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Scott A. Read, Michael J. Collins, Beata P. Sander; Human Optical Axial Length and Defocus. Invest. Ophthalmol. Vis. Sci. 2010;51(12):6262-6269. doi: 10.1167/iovs.10-5457.
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To investigate the short-term influence of imposed monocular defocus on human optical axial length (the distance from anterior cornea to retinal pigment epithelium) and ocular biometrics.
Twenty-eight young adult subjects (14 myopes, 14 emmetropes) had eye biometrics measured before and 30 and 60 minutes after exposure to monocular (right eye) defocus. Four different monocular defocus conditions were tested, each on a separate day: control (no defocus), myopic (+3 D defocus), hyperopic (−3 D defocus), and diffuse (0.2 density Bangerter filter) defocus. The fellow eye was optimally corrected (no defocus).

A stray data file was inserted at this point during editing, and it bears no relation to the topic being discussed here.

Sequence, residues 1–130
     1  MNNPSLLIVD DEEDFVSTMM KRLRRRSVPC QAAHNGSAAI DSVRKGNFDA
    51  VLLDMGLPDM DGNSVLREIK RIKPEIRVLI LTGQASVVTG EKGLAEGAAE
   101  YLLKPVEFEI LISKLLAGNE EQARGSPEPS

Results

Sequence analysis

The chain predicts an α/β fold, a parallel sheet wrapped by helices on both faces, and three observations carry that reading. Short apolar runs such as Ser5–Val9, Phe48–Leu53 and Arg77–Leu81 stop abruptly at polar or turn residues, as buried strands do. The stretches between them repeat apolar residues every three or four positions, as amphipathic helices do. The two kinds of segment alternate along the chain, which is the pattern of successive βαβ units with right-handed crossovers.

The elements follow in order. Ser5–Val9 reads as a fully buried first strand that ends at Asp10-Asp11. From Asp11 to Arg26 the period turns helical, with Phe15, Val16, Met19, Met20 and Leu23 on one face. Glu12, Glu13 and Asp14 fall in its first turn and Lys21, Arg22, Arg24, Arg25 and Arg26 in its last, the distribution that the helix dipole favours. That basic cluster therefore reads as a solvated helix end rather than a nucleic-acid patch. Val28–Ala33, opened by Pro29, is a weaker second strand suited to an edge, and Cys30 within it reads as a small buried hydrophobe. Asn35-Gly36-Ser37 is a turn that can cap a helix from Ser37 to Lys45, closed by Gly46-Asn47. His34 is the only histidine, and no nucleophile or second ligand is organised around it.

Imposed defocus caused small but significant changes in optical axial length (P < 0.0001). A significant increase in optical axial length (mean change, +8 ± 14 μm; P = 0.03) occurred after hyperopic defocus, and a significant reduction in optical axial length (mean change, −13 ± 14 μm; P = 0.0001) was found after myopic defocus. A small increase in optical axial length was observed after diffuse defocus (mean change, +6 ± 13 μm; P = 0.053). Choroidal thickness also exhibited some significant changes with certain defocus conditions. No significant difference was found between myopes and emmetropes in the changes in optical axial length or choroidal thickness with defocus.
Significant changes in optical axial length occurred in human subjects after 60 minutes of monocular defocus. The bidirectional optical axial length changes observed in response to defocus implied the human visual system is capable of detecting the presence and sign of defocus and altering optical axial length to move the retina toward the image plane.
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